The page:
By Mizuho Kusanagi. Released in Japan as “Akatsuki no Yona” by Hakusensha, serialization ongoing in the magazine Hana to Yume. Released in North America by Viz Media. Translated by JN Productions, Adapted by Ysabet Reinhardt MacFarlane.
It can be very hard to stop something once it’s gotten started, and when that something is “war”, it becomes ten times as hard. At the end of the last volume I thought we’d get a long section of Yona and Su-Won debating the subject, but no, Su-Won knows that now is not the time to have Yona whisper sweet words of peace in his ear. Instead we get some very clever tactical maneuvering on both sides, relying on Hak’s reputation with the Wind tribe, Yona’s ability to make Tae-Jun do anything she says (though at least there is a bit of “it’s not because I like you or anything” to the logic), and Su-Won figuring BOTH of these things out and making his own move to ensure that yes, there is going to be a war with a lot of dead people. Because sometimes that’s how you king, especially given the previous king.
The cliffhanger implies that the next volume may be different, but this volume reminded me how good the author is at maneuvering things so that expected events do not take place, or go in different directions. It’s a good skill to have, especially as the reader does not feel manipulated. Despite negotiating with Ogi, the meeting with Su-Won does not happen, and instead we get retainer Min-Su, who sympathizes heavily with Yona but also serves the King, and explains that this war can only end in a bloody battle. And yet we don’t get that battle here either, though we come close. (We also don’t get much of Kouren, and I hope that there is some focus on her soon.) As ever, Yona is trying to solve things by being an idealist who can back her ideals up, sometimes with violence, but here through negotiating attempts. It’s hard to negotiate when the other side avoids you, though…that said, more and more people are discovering she is alive.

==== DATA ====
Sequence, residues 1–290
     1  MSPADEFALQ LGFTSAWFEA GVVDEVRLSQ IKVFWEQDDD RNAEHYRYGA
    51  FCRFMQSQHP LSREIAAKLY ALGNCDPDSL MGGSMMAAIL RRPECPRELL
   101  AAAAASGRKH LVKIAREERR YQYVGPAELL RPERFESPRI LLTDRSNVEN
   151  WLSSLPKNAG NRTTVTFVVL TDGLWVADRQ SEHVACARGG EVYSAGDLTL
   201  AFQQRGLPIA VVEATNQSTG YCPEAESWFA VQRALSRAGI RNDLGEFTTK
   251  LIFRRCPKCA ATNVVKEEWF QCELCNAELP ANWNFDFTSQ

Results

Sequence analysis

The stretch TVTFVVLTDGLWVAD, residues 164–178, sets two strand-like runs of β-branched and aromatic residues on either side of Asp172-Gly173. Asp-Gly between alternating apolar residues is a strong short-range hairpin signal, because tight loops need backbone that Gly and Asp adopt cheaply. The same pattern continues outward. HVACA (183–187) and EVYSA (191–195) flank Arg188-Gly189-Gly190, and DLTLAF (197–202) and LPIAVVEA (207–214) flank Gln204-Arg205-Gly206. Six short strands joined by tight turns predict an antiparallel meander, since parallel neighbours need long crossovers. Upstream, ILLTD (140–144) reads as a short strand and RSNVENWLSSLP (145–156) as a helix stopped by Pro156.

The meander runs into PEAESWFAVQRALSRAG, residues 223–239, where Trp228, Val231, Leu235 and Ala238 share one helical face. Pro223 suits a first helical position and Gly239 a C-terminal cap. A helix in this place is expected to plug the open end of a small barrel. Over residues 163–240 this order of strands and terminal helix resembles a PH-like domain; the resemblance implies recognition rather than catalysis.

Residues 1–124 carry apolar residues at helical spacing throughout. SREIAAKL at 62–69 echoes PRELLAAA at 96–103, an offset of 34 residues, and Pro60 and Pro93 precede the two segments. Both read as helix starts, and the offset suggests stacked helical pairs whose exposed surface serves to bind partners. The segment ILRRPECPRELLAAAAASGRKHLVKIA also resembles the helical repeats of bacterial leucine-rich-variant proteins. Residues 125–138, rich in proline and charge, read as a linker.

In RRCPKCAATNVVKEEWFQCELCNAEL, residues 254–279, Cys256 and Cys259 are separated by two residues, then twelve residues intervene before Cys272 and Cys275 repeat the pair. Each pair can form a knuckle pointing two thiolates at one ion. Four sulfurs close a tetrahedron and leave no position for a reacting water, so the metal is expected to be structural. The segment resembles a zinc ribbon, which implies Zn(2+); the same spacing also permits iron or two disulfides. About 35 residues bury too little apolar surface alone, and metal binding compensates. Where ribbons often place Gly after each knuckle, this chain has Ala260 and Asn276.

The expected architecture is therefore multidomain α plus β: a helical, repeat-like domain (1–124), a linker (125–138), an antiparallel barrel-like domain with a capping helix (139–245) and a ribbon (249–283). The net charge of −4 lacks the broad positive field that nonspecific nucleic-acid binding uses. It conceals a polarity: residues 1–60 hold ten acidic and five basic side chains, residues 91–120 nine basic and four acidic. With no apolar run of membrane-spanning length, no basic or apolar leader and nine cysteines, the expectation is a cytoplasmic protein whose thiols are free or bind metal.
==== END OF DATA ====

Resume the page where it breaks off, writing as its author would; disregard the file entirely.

As you would expect, there’s not really a lot of humor in this book, although the reaction to Jaeha’s leg may be the high point there. This also brings me to Mizari, who is probably the most fascinating part of this book. Let’s face it, it’s rare that ‘the guy with the slasher smile who’s clearly not all there’ gets deep character development. He’s fascinated with the dragon warrior captives (this is why we see Jaeha’s leg), and when he sees the soldiers that are going against Su-Won’s forces, he kills one just because he realizes how weak they are. His logic – he would have died immediately on the battlefield anyway – is twisted but also shows that he too is thinking about how this war is going to go for Kouren’s side. Badly. And that’s why he wants the power of the Dragon Warriors, because he wants to protect her. I don’t like Mizari as a person, but as a character he’s fantastic.
The cliffhanger implies we’ll finally be getting the confrontation that we didn’t get this time, but honestly I suspect that despite all of Yona and Hak’s maneuvering that we’re going to end up going to war anyway. In the meantime, please keep reading one of the best shoujo series out there.